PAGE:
Note: Again, focus needs to be on the ball, and not the pressure. In this type of environment, the goalkeeper should be able to catch almost every ball with good form, high in the air. They may occasionally end up on the ground after getting bumped, but they ought to be able to hang on to the ball. Make sure the proper takeoff leg is used, that the knee is up, and that keepers are not waiting for the ball to descend too much before catching it.
- Moving Through Traffic (10 min)
This exercise needs 5-6 players besides the keeper who is working. Have the players stand in a small group with about an arm's length minimum between them. Keeper stands at the back of the group, with the coach on the other side. Coach serves the ball high towards the front of the group; the keeper must come through the crowd and get the ball as high as possible. Once this has been worked for few minutes, have the group move around in a small area as the keeper has to come for the ball. This is a good exercise for learning to judge the ball in traffic, and is a good exercise for beginners to learn to deal with congestion in the area.
Note: A saying for goalkeepers is, "Last to leave, first to the ball". The goalkeeper should not start for the ball too soon, but should take a beat or so to judge the ball before moving. Then, once they've got it tracked, go hard and be the first to the ball. Don't let keepers take the long way to the ball by going around part of the group of players. They must come hard right to the ball with a determined run, moving players out of the way with a shoulder if need be, and get the ball while it's still high in the air.
- Crosses, Keeper+1v1 (20 min)
One keeper in goal, plus one defender and one attacker. Coach or server is out wide beyond the side of the penalty area serving crosses; all three players play just as they would in a game when the cross comes in. Serve balls from both sides of the penalty area.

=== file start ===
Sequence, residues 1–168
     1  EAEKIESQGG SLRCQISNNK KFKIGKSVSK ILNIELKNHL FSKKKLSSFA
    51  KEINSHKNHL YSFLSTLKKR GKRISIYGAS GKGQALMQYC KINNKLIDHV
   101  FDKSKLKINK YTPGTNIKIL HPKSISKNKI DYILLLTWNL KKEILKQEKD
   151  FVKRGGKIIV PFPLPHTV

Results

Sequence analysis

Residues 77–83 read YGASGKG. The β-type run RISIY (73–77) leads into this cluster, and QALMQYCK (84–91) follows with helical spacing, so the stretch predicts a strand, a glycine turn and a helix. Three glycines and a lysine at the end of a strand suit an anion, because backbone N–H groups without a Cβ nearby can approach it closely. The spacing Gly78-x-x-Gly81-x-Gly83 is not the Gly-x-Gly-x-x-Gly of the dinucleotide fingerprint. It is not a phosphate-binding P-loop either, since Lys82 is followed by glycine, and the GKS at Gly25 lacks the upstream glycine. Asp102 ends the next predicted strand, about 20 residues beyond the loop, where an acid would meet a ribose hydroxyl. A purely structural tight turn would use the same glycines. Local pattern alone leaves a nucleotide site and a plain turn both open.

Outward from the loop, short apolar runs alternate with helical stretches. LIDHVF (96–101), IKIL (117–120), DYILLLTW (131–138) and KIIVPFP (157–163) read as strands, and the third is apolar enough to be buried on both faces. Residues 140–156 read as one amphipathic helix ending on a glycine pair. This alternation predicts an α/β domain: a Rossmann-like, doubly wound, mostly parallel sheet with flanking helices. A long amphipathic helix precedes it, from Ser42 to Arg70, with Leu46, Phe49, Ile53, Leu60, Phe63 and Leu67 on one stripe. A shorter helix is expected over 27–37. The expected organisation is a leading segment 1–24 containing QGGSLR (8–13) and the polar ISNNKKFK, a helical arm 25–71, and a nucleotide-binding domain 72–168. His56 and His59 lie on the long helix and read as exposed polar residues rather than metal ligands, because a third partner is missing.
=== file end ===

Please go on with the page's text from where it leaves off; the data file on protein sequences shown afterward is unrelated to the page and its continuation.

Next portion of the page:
Note: This is a more match-related exercise. Make sure the goalkeeper calls either "Keeper!" or "Away!" on every ball so the defender knows what the keeper is going to do, and that the keeper uses the proper leg to protect themselves from the pressure. Do not allow many "Away!" calls, except on mis-hit balls; this is the opportunity for the keeper to try and extend their range. A coaching point for experienced keepers is to have a stance slightly open to the field, and not facing the cross directly -- crosses are usually targeted to land around the penalty spot, so the keeper will more likely be going forward than towards the crosser.
- "500" (15 min)
A fun game that everyone likes to play to finish off this session is "500". Have keepers in groups of 5-6 (divided by height or ability if you have a larger session). Server stands about 30 yards away and kicks or throws the ball towards the group, where everyone is trying to catch the ball. Give 100 points for a catch out of the air, 50 points for a catch on one bounce, and 25 points for a clean moving pickup of a ball that has bounced twice or more (no points if they dive on the ground; this prevents pile-ups). When a player hits 500, they have won and are out of the game, continue until there is only one player left. Vary the service: lofted, floating balls, driven balls, in front of the group, over the group, etc.
Note: This is a difficult game because everyone's hands are in the air, unlike a soccer match where the keeper is the only one who can handle the ball. Insist on good catching technique, as high as possible in spite of the traffic.